So, essentially we know everything about the visitor. What’s left? A very key information, which is, “This visitor is John Bell”.

What is so important about this new information? This is a Personal Identification Information (PII) and will never change over time. Cookies get deleted all the time. But if we can link these cookies to PII, we not only have a persona that can describe a small subset of the population, but we directly have an individual that only describes one person on the planet.

This is exactly what an Identity Resolution does. Let’s try to get a broad idea of how Identity Resolution works in the industry currently:

 

Digital Analytics Tools

Given all the background information, let’s now talk about the various tools you have at your disposal that can process huge amounts of data coming from a number of channels. These help you analyze the data and implement your strategy in real-time. Even though there are many solutions in the market, most of the companies (big or small) are using one of the two – Google Analytics or Adobe Analytics. Let’s review them briefly by comparing a few key attributes:

Both the tools have their pros and cons. If you are a small scale company, choosing Google Analytics is a no-brainer. Even if you are a large corporate, the choice is tricky because Adobe on one hand gives active support, but Google integrates seamlessly with well-managed ad inventory. Note that Adobe can also integrate third-party tools for ad targeting, but not all of them are well-managed and might be prone to bot attacks, thus wasting your ad spends.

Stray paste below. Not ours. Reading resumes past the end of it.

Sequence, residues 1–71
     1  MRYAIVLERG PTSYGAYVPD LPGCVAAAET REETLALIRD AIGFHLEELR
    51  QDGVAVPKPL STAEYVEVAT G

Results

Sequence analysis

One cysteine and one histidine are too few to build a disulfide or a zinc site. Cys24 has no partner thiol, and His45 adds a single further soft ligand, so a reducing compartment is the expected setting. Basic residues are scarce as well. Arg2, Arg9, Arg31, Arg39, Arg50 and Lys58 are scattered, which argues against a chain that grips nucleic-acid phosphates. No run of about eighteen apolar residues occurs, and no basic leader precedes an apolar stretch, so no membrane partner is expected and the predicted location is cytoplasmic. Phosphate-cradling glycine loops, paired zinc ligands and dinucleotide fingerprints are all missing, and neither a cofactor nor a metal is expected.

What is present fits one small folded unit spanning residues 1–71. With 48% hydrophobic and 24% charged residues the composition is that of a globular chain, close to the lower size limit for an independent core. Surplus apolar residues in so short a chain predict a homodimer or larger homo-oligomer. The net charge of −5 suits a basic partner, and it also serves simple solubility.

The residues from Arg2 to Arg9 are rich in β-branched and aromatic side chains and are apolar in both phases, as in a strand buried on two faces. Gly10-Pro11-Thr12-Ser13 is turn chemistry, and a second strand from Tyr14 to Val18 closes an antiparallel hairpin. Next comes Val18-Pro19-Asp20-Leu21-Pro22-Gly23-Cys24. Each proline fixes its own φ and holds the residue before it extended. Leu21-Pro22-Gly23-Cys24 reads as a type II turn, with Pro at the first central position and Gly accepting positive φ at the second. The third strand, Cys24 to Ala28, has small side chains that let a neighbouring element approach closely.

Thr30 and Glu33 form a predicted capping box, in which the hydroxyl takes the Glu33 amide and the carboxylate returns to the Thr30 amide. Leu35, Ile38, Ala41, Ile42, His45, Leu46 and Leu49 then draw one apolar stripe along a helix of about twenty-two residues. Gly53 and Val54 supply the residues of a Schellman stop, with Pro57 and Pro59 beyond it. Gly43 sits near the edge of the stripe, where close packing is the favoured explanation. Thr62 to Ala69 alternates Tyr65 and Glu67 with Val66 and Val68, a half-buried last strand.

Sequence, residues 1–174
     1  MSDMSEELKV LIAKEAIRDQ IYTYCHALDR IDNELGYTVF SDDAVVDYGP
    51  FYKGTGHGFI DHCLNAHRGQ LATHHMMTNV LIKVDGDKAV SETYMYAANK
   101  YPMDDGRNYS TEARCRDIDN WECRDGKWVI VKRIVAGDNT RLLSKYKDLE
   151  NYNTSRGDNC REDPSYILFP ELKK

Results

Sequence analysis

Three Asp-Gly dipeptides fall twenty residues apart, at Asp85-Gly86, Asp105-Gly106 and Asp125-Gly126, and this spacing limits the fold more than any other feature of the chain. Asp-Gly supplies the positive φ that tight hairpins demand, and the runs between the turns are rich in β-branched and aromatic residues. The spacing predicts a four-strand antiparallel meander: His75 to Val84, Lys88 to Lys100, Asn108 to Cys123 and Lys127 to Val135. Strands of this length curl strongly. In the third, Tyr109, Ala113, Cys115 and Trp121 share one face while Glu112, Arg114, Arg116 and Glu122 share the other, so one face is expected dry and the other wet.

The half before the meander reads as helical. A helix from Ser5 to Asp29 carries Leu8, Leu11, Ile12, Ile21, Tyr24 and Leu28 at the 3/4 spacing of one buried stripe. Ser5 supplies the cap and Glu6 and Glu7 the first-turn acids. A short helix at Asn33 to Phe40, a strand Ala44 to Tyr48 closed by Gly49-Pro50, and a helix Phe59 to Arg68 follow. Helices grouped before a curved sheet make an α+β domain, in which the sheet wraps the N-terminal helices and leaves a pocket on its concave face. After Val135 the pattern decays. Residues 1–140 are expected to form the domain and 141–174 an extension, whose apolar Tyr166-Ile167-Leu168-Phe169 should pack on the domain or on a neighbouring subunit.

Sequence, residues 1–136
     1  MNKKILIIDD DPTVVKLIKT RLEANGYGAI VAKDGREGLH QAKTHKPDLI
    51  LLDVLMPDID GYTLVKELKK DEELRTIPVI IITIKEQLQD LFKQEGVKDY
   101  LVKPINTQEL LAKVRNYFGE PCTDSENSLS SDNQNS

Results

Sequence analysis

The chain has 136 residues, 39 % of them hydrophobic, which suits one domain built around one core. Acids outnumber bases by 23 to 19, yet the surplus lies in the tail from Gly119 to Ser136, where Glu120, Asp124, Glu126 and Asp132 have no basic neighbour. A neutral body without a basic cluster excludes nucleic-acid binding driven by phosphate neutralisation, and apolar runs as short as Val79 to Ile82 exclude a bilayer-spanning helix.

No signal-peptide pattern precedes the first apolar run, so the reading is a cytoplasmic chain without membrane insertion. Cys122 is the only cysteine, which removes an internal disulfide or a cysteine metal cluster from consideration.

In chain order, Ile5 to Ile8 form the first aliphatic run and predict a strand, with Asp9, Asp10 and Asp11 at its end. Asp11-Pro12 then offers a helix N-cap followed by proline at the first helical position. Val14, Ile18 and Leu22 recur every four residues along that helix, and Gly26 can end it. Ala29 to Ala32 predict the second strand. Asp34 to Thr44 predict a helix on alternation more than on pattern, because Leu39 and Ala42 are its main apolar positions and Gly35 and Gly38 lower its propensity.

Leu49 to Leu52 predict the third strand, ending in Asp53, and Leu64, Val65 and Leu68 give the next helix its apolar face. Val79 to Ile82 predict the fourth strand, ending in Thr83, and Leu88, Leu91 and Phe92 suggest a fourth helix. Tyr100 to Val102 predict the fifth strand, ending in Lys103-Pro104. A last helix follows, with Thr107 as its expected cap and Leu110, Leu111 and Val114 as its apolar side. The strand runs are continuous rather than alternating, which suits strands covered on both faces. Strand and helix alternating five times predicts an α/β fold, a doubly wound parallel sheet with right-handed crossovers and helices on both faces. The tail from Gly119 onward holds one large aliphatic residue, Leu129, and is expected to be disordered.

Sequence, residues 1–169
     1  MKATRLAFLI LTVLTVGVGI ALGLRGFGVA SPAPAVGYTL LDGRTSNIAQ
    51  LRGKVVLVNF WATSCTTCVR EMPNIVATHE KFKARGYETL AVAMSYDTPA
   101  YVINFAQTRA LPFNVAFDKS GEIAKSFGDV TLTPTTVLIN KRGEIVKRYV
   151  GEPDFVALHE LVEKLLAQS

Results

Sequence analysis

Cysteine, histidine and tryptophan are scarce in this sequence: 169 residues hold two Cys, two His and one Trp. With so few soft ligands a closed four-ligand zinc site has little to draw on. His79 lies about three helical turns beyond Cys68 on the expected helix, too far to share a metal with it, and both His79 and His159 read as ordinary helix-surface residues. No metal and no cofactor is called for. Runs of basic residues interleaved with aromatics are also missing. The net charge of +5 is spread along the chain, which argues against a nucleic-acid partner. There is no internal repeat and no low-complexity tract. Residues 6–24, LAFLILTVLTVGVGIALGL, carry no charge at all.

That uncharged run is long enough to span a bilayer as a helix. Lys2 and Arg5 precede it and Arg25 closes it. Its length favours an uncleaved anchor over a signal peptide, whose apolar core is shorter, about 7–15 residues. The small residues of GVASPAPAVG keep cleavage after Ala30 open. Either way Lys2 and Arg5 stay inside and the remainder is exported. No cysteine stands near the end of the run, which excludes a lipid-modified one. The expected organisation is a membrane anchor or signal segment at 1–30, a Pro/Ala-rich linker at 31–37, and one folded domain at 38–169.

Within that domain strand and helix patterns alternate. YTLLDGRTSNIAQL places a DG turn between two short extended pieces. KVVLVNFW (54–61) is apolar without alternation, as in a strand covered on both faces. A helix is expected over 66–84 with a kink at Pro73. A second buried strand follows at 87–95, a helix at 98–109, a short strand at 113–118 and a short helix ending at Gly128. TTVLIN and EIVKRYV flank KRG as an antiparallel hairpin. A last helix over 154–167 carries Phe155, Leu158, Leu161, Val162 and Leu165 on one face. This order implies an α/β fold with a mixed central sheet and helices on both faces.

End Notes

You might have realized that each concept we covered in this guide is closely linked with each other. A comprehensive view is very important to appreciate the entire digital ecosystem. Trust me, it was impossible to find all this information in one place. As a data scientist, we do the hard part of learning all these concepts on the job. So I decided to put everything in one place with the aim of helping any future analyst get up to speed really quickly and keep up with the pace of this dynamically evolving industry.

With the knowledge provided in this article, you will not only understand how to build a successful digital analytics driven strategy, but will also start appreciating how your strategy fits into the broader world of digital marketing. This combination of knowledge is extremely rare in the industry because most professionals focus on only one of these aspects. What it takes to create a successful marketing campaign on digital media lies at the intersection of the digital ecosystem, marketing and analytics.